Jobs and the U.S. Economy

2004-6-10

This is Bob Doughty with the VOA Special English Economics Report.

The Labor Department says the United States economy created two-hundred-forty-eight-thousand jobs in May. The department says almost one million jobs have been added in the last three months.

Even so, the unemployment rate in May was the same as April: five-point-six percent. News reports said this was because, while there were more jobs, there were also more job seekers in the market.

The jobs report last Friday added to signs that the economy is improving. The Bureau of Economic Analysis at the Commerce Department says the economy has grown since the last three months of two-thousand-one. But, until September of last year, the number of people with jobs had been shrinking. That situation led to concerns that the United States was in a jobless recovery.

Now, President Bush says the economy is strong and getting stronger. His administration gives credit for the new growth to its personal tax cuts. The reasoning is that people who pay less in taxes put the savings into investments and goods.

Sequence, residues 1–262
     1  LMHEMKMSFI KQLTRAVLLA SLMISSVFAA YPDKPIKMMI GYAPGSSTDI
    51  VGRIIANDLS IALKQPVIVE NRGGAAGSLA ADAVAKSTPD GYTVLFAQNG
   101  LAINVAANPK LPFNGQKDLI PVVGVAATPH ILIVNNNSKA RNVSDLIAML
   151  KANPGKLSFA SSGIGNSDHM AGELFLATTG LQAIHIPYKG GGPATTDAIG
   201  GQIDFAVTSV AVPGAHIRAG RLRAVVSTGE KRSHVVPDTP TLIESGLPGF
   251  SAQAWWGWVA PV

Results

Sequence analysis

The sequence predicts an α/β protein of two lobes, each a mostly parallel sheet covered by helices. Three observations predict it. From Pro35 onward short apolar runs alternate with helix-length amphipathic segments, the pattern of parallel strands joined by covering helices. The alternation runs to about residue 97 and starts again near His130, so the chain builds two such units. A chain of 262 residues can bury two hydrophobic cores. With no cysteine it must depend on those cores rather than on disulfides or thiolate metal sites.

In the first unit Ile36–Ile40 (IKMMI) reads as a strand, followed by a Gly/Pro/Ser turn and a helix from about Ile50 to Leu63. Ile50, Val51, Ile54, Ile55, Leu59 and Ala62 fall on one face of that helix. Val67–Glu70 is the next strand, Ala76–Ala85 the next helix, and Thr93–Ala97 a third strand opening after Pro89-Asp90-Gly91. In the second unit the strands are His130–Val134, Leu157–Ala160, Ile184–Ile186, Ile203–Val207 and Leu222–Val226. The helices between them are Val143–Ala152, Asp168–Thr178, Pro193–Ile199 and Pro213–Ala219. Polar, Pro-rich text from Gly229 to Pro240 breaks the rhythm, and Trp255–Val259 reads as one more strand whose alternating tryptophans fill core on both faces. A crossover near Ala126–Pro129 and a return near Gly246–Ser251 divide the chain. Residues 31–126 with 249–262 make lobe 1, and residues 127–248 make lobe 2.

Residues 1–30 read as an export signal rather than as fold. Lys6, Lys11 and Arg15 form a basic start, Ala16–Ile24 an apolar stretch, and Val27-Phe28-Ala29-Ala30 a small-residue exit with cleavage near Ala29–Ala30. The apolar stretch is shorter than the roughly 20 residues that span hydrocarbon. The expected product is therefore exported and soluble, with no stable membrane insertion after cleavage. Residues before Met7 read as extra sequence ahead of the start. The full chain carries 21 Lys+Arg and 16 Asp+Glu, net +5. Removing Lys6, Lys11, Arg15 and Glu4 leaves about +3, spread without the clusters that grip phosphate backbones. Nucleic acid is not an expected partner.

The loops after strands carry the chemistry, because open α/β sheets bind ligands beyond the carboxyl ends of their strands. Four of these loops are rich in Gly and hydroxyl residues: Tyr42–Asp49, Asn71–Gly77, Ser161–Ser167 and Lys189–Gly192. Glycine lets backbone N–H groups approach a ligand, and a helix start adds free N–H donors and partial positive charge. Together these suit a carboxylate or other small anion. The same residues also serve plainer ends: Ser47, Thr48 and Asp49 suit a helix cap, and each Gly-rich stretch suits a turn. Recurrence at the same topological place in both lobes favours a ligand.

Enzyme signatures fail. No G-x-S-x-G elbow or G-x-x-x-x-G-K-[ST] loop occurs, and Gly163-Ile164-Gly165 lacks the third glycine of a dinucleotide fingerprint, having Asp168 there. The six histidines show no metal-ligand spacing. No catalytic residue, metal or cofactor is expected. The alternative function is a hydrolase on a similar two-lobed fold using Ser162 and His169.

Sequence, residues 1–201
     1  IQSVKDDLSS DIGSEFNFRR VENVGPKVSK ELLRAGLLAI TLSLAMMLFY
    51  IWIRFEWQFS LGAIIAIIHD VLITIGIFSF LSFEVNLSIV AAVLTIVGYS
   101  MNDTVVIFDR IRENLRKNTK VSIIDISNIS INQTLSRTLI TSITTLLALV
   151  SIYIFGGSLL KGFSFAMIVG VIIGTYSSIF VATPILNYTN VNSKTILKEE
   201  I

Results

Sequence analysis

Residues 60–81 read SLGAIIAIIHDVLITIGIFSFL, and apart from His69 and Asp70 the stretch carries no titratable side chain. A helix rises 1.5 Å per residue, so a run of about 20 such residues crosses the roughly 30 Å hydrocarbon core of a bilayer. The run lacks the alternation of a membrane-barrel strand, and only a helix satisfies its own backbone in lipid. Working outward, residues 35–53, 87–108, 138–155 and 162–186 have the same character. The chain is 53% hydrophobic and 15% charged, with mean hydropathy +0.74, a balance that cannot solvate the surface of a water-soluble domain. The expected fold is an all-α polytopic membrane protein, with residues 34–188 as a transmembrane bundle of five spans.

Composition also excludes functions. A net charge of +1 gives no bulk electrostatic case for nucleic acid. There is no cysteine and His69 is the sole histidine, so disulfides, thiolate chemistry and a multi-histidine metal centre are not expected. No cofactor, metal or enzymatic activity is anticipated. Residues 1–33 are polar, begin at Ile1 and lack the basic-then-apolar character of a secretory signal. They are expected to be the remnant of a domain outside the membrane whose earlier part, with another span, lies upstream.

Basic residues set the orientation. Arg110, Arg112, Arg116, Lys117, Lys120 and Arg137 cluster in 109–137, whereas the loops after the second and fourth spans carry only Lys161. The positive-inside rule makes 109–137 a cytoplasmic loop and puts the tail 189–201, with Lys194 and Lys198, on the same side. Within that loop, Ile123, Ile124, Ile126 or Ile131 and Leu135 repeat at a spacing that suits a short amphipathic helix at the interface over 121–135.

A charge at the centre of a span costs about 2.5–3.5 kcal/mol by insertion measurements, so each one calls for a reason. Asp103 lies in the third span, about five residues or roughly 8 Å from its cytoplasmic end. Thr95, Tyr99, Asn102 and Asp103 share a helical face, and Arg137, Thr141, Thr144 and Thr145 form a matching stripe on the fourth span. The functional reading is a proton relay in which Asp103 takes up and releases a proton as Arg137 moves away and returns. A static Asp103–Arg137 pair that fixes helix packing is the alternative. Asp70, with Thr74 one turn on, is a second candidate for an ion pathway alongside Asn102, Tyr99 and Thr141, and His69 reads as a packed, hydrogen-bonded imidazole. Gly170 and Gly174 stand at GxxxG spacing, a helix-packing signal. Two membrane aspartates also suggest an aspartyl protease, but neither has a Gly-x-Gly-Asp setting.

But Democratic presidential candidate John Kerry says the United States is in a "wage recession." Senator Kerry's campaign released a statement about the jobs report. The statement said "America is still in the worst job recovery since the Great Depression." It said those who do find a job are earning less, while having to pay more for health care, college and gasoline.

Before last September, about two-million-six-hundred-thousand more jobs had been lost than were created since Mister Bush took office. Recent job gains have cut that number by more than half. If the current rate continues, the deficit in jobs could disappear by the election in November. For more than seventy years, no American president has had more jobs lost than gained during his presidency.

Measures of public opinion show that not all Americans are sure yet about the economic recovery. The Consumer Sentiment Index by the University of Michigan was reported down four percent in May. Some economists say worries about inflation and the possibility of higher interest rates may be influencing how people feel.

The University of Michigan was supposed to release its early report for June on Friday. But it delayed the release because of the funeral of former President Ronald Reagan.

This VOA Special English Economics Report was written by Mario Ritter. This is Bob Doughty.